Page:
12/10/2014 10:17 am ET Updated Feb 09, 2015

National Survey Reveals Conflicted Mindset of College Students About ADHD Prescription Stimulant Misuse, Abuse and Diversion

Earlier this year, The Jed Foundation was proud to join a newly formed coalition of medical, mental health, higher education, student and pharmaceutical organizations working together to help prevent misuse abuse and diversion of ADHD prescription stimulant medication.

The Coalition to Prevent ADHD Medication Misuse (CPAMM) -- recognizing that misuse, abuse and diversion are concerns among college students -- has aligned on two strategic initiatives: conduct research and develop educational campaigns to help prevent non-medical use of ADHD prescription stimulants. As a first step, CPAMM recently released the results of a national survey conducted on our behalf by Harris Poll (for an overview and basic information see:

The findings of the survey paint a portrait of students who recognize the risks of misuse, but understand why some students may choose to misuse, given the academic pressures in today's college environment.

Based on the survey, college students consider taking ADHD prescription stimulant medications that were not prescribed to them to be unethical (75 percent), a form of cheating (when used for schoolwork) (59 percent), extremely/very harmful (73 percent) and a "big deal" (80 percent) if someone who doesn't have ADHD uses prescription stimulants, with 65 percent likening the misuse of ADHD prescription stimulants to do schoolwork to athletes who use performance-enhancing drugs. However, almost one in four students (24 percent) do believe it is okay for someone who doesn't have ADHD to use prescription stimulants for schoolwork, and 48 percent believe that students who misuse are just doing what they have to do to keep up with the pressures of college. In addition, 42 percent of students incorrectly believe that using ADHD prescription stimulants not prescribed to them is no more harmful than an energy drink or a strong cup of coffee.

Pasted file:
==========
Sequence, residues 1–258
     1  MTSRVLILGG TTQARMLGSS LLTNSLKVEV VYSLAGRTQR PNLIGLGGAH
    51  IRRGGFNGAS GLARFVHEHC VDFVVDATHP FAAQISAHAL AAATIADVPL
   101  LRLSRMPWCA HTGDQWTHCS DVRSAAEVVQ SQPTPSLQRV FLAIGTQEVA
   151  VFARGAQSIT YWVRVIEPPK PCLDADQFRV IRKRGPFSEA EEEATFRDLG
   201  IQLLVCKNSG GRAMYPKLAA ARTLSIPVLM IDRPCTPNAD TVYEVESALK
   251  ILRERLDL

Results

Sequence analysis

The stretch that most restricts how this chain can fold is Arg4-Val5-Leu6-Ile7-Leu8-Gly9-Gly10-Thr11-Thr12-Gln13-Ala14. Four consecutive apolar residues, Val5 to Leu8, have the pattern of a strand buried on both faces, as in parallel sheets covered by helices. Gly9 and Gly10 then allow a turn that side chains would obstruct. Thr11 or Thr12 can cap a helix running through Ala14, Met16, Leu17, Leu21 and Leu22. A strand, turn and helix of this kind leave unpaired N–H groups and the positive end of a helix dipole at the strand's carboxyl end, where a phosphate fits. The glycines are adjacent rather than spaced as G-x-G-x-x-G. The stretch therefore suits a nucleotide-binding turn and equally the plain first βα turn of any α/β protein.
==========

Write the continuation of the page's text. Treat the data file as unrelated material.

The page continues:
Further, the majority of students believe the main drivers to start misusing ADHD prescription stimulants are a desire to get good grades (70 percent) and pressure to succeed (68 percent). Overall, 64 percent of students said that they would "do anything to get an A," and 29 percent admit they will do whatever it takes to succeed academically even if it requires breaking the rules. In fact, we know from other research that students who misuse prescription stimulants tend to have lower GPA's than average.

The study shines a light on the stress permeating the lives of students on today's college campuses. As an organization with the mission to protect the emotional health of college students, and a partner in CPAMM, The Jed Foundation looks forward to using the findings to inform peer-to-peer educational campaigns designed to help prevent non-medical use. We want to communicate as a Coalition that there are better, healthier ways to cope.

The survey also reveals the groups that are more at risk to misuse, where students believe their peers are getting ADHD prescription stimulants, and students' perceptions of university policies.

To learn more about CPAMM:

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